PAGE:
Christmas beetle

Christmas beetles are significant pests of young eucalypt plantations and can cause severe leaf loss before canopy closure. Adult beetles emerge from the soil during the summer and feed on eucalypt foliage. Often several species are observed in plantations at the same time. They are hungry feeders and large swarms can defoliate trees rapidly.

Scientific name

Anoplognathus chloropyrus, A. porosus, A. boisduvali, A. spp.


  • Adult beetles are large, about 15-30mm long, yellow-brown to red-brown and shiny.
  • Anoplognathus boisduvali has dark lines running down the wing covers and a red-brown hind section.
  • A. chloropyrus has an iridescent, green hind section extending beyond the wing covers and faint black lines on the wing covers.
  • A. porosus has black spots on the wing covers and no obvious coloured hind section.


  • Widely distributed throughout eastern and south-eastern Australia.
  • Found in northern Queensland and south-eastern Queensland.
  • More common in coastal, higher rainfall areas.


  • Spotted gum (Corymbia citriodora subsp. variegata; C. maculata)
  • Dunn's white gum (Eucalyptus dunnii)
  • Gympie messmate (E. cloeziana)
  • Rose gum and hybrids (E. grandis)
  • River red gum (E. camaldulensis)
  • Forest red gum (E. tereticornis)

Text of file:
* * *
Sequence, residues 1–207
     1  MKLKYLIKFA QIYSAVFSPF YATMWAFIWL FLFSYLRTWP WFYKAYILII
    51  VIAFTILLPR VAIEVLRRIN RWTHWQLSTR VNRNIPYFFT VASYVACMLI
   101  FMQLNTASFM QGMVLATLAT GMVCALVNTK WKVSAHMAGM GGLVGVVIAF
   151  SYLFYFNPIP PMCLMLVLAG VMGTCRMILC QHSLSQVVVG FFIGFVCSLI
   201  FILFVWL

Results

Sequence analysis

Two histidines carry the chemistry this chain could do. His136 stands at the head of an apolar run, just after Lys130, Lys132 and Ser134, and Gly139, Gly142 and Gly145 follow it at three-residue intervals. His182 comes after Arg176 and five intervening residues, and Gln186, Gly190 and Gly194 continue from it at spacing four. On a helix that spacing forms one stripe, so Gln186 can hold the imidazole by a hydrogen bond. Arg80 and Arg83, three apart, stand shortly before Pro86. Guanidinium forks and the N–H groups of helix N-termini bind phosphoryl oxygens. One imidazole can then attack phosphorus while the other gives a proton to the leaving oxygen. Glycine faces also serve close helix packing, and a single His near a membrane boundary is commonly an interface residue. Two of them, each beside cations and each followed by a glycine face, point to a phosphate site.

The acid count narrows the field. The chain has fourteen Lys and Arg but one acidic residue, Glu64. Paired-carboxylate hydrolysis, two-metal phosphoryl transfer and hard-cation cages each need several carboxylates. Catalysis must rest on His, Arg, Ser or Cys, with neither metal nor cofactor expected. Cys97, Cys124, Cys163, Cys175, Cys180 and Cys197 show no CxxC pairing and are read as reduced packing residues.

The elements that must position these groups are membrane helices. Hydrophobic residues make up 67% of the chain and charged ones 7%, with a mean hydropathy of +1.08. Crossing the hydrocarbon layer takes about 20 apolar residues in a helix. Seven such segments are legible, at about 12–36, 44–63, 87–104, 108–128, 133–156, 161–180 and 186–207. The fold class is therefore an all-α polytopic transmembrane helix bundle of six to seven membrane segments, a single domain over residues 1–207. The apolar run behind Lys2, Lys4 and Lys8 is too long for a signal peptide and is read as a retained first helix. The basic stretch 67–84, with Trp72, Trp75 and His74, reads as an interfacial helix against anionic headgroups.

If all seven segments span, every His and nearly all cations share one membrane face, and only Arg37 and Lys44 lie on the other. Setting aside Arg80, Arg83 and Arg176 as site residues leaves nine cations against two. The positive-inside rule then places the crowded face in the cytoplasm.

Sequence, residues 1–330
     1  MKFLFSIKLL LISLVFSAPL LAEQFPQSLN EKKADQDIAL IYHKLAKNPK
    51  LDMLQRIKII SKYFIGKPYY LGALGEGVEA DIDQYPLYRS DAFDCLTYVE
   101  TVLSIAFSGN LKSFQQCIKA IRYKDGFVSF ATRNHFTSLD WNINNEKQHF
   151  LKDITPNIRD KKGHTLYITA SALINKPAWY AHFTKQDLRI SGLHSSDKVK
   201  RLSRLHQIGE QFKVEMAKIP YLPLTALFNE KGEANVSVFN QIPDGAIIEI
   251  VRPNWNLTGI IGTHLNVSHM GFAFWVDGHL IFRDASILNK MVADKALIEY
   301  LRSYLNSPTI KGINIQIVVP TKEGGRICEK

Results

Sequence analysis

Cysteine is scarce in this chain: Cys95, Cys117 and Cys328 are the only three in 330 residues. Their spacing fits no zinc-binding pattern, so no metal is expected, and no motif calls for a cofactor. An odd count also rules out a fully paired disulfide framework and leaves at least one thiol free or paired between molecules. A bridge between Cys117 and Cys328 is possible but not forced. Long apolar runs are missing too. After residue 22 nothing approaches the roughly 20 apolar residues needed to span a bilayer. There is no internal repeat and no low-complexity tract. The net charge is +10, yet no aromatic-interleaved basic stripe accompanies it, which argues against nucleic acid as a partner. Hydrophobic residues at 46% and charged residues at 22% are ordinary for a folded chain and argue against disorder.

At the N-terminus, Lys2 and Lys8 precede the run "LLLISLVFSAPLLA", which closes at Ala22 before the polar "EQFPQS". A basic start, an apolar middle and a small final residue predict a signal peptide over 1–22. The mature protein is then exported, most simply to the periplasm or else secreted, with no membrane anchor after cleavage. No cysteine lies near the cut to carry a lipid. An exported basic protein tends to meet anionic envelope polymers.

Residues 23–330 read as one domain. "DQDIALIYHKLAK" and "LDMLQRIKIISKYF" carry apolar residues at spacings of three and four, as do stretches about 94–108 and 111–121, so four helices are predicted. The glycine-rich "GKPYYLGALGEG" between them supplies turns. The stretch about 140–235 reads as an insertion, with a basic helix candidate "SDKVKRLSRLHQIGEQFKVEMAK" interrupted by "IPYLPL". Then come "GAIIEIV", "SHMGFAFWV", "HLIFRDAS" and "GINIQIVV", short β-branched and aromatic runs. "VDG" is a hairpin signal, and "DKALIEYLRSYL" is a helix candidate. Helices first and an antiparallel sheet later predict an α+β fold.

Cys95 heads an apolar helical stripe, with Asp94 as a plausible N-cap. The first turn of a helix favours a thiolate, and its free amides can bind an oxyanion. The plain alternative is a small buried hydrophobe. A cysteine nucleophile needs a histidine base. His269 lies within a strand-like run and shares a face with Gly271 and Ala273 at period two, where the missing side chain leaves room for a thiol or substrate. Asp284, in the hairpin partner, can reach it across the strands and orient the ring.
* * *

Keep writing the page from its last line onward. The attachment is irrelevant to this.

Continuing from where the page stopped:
• Western white gum (E. argophloia) and Gympie messmate (E. cloeziana) are less commonly affected.


  • Beetles feed in swarms, causing extensive damage to young plantations, especially if close to pastures.
  • Feeding damage is visible as jagged, ripped patterns, typically on mature leaves. Beetles also feed on immature leaves.
  • Young trees up to around 3 years old are most at risk.
  • Tree form and growth can be inhibited with sustained or repeated infestations. In severe cases trees may die.


  • Larvae live in soil, feeding on grass roots and decaying organic matter for around 12 months.
  • Adults emerge from the soil in summer, often following rainfall, and fly to nearby host trees to feed on eucalypt leaves and to mate.
  • Females return to the soil to lay eggs.


  • Native animals such as possums, currawongs, magpies and predatory wasps control Christmas beetles.
  • Manage by planting less susceptible species, such as E. argophloia or E. cloeziana.

Resources and research

  • Australian Museum, 2023. Christmas Beetle, viewed July 2023.
  • Jones, DL, Elliot, WR, Jones, SR. 2015. Pests, Diseases, Ailments and Allies of Australian Plants. Reed New Holland Publishers Pty Ltd, Chatswood, NSW.